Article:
New trafficking prevention bill violates Juvenile Justice Act: Delhi child rights body

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By Express News Service

NEW DELHI:  The Delhi Commission for Protection of Child Rights (DCPCR) on Wednesday wrote to the Ministry of Women and Child Development saying the new Trafficking in Persons (Prevention, Care and Rehabilitation) Bill, 2021, not only lacked gender neutrality but was also violative of the Juvenile Justice (Care and protection) Act.

The Central government had on June 30 published the Trafficking Prevention Bill and issued a public notice inviting comments and suggestions. DCPCR chairman Anurag Kundu wrote to the ministry in this regard.

“The proposed Bill erodes key provisions of the Juvenile Justice (Care and protection) Act, 2015, particularly with respect to rehabilitation of children in need of protection. It erodes the power of Child Welfare Committees which comprises professionals in the field,” said the letter containing DCPCR’s recommendations on the proposed trafficking prevention law.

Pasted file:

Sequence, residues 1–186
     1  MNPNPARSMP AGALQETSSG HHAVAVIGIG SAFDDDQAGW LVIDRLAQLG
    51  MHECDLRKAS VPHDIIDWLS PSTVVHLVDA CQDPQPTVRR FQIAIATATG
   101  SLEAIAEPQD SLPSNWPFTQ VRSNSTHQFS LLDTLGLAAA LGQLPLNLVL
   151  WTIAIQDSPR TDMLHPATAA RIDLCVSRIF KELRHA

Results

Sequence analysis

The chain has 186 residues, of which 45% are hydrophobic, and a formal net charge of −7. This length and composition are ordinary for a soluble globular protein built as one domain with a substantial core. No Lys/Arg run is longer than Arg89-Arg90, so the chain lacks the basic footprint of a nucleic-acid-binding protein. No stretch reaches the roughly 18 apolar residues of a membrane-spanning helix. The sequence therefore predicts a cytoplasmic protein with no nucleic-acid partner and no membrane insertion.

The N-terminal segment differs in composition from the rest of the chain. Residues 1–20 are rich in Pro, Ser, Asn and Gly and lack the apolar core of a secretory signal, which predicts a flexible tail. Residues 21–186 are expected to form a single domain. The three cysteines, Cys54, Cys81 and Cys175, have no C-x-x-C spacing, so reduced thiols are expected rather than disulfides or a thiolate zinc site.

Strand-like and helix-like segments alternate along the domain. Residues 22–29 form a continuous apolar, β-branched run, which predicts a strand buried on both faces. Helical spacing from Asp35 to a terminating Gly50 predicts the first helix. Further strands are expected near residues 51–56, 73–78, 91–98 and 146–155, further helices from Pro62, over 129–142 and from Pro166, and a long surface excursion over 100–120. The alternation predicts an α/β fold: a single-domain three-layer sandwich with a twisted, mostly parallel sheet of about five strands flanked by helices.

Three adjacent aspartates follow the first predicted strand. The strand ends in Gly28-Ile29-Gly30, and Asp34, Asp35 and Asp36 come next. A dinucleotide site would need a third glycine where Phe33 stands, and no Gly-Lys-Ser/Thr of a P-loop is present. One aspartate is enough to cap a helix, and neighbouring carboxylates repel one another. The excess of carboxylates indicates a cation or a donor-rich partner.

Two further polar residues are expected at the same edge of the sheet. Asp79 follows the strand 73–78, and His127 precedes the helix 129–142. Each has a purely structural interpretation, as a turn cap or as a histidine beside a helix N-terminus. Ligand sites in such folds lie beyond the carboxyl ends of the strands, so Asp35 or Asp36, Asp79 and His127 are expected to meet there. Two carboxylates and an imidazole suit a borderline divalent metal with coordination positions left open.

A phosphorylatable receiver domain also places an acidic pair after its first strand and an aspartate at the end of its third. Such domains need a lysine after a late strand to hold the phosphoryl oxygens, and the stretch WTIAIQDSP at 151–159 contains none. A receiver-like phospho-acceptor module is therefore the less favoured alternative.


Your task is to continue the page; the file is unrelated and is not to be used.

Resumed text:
As per the child rights panel, the Bill places the ‘burden of proof’ on the accused, which violates the Constitution that says the burden of proof lies on the prosecuting agency.

The legislation proposes to punish the owner of a premise used for trafficking assuming the person is aware of the illegal activities. “If the owner is aware, he should be punished severely. However, the burden is placed on him to prove that he did not have any knowledge. This is a dangerous precedent,” said Kundu in his letter.

The letter further said that the Bill talks about a National Human Anti-Trafficking Committee, under which the existing child rights statuary bodies like DCPCR have not been included. “Since children are vulnerable to trafficking, it is crucial that state and national child rights statuary bodies are included in the Bill,” the  child rights watchdog suggested.

Make the law gender neutral, panel says

According to the DCPCR the Bill should be gender neutral. Throughout the draft Bill, the victim has been defined as ‘him’. “There is s stringent need for the law to be gender neutral,” said the DCPCR.



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